(cross-posted over at Daily Endeavor)
On September 11, 2003, I made a guest post on my friend Ross' blog. What's transpired since then is a long and varied tale, but in many ways centers around the very question in that post:
Tell me, what is it you plan to do with your one wild and precious life?
For me, the answer to Mary Oliver's venerable question can be distilled to: Don't settle, do what you love. It's one of the true engines that powers people's lives and the economies and world we live in.
This blog is going to tell a story. It's going to take a few years because, as it turns out, it's a story that's never been written before. It's the story of how 100 million people sought out and did what they loved.
Here's where the story starts. There are three parts that you need to know.
First, who? There is a tremendous force arriving on the scene, and at just about the right time. It's the sheer creative force of people coming into their own. Maybe they're 24, or maybe they're 19. Maybe they're your friend, your brother or daughter. Or maybe it's you. This great wave of individuals goes by many names (Millennials, Gen Y, Net Gens, you name it). The labels are not so important, it's the individuals that are at the center of the story -- who they are, and what they choose to do. This generation is going to re-shape the world as we know it. It's already begun, and it's fantastic.
Second, have you ever wondered why is it some people truly thrive in their work life, while others do not? This is the question we set out to answer as part of a research project at Harvard over three years ago. The pattern we found isn't a lack of talent (there is tons) or opportunity (there are more types of jobs today than ever before). We found most people never discover what they truly want to do. Too many people settle. That's a problem -- not only is there great cost to the individual ("wow, my job really sucks"), but also to their companies, colleagues and the economy.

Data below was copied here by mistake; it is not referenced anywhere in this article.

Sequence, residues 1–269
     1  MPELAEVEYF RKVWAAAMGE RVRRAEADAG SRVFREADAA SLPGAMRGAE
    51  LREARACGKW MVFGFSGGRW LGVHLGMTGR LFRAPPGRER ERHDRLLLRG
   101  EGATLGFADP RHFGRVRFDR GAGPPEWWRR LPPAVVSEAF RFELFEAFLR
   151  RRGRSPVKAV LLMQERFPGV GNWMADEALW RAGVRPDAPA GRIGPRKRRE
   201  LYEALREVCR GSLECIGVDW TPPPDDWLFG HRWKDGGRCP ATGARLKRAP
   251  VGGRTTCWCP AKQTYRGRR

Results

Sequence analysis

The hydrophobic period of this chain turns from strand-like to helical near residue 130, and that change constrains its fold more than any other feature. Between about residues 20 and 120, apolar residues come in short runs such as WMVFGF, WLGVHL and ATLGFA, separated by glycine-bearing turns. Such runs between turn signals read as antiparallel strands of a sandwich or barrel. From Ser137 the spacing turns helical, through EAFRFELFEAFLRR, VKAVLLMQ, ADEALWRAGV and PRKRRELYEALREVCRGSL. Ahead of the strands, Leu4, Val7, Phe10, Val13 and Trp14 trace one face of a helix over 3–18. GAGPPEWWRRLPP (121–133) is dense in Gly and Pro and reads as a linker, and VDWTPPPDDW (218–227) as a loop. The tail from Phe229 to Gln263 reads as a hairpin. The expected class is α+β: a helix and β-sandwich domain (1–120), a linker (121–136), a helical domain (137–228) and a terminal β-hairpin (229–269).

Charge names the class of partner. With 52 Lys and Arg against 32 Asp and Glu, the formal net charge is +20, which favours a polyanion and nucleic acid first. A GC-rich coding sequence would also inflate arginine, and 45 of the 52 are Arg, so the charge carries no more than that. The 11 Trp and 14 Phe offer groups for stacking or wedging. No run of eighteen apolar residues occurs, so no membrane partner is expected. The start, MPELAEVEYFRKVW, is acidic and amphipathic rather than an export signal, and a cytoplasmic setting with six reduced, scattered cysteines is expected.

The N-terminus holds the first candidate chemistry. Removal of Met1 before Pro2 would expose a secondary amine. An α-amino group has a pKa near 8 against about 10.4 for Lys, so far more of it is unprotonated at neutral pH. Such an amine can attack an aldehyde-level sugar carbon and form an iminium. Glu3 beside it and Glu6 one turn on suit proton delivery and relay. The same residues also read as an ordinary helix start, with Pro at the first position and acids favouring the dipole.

Consider the alternative. What if more people found a career path of genuine interest, however they define it? What if more people were able to find work that lit them up -- how would their lives be different?
In our experience, these people excel, and not just economically. These people have more opportunities to grow and more ways to -- dare we say it -- be happy. They make better colleagues, managers, entrepreneurs, and probably neighbors too. Because they're working from abundance, not scarcity, there's an unmistakable productivity that's unleashed.
Lastly, why now? Most people (96% when we asked) want to find the right job for them, yet many (too many) people wake up at 30 or 50 and say "I guess this is what I do." Figuring out what you want to do is a crucial rite of passage that, crucially, many people are missing. It's not something to figure out in one hour, or even in one job. It's an iterative process that you can learn. Because it's iterative, tremendous gains accrue to those who start early. We want those gains to accrue to you. In fact we want them to accrue to the entire generation.
Plain and simple: We want to see 100 million people thrive.
Though we've been at it for a while, we're just getting started. And we can't do it alone. I hope you'll come along for the ride.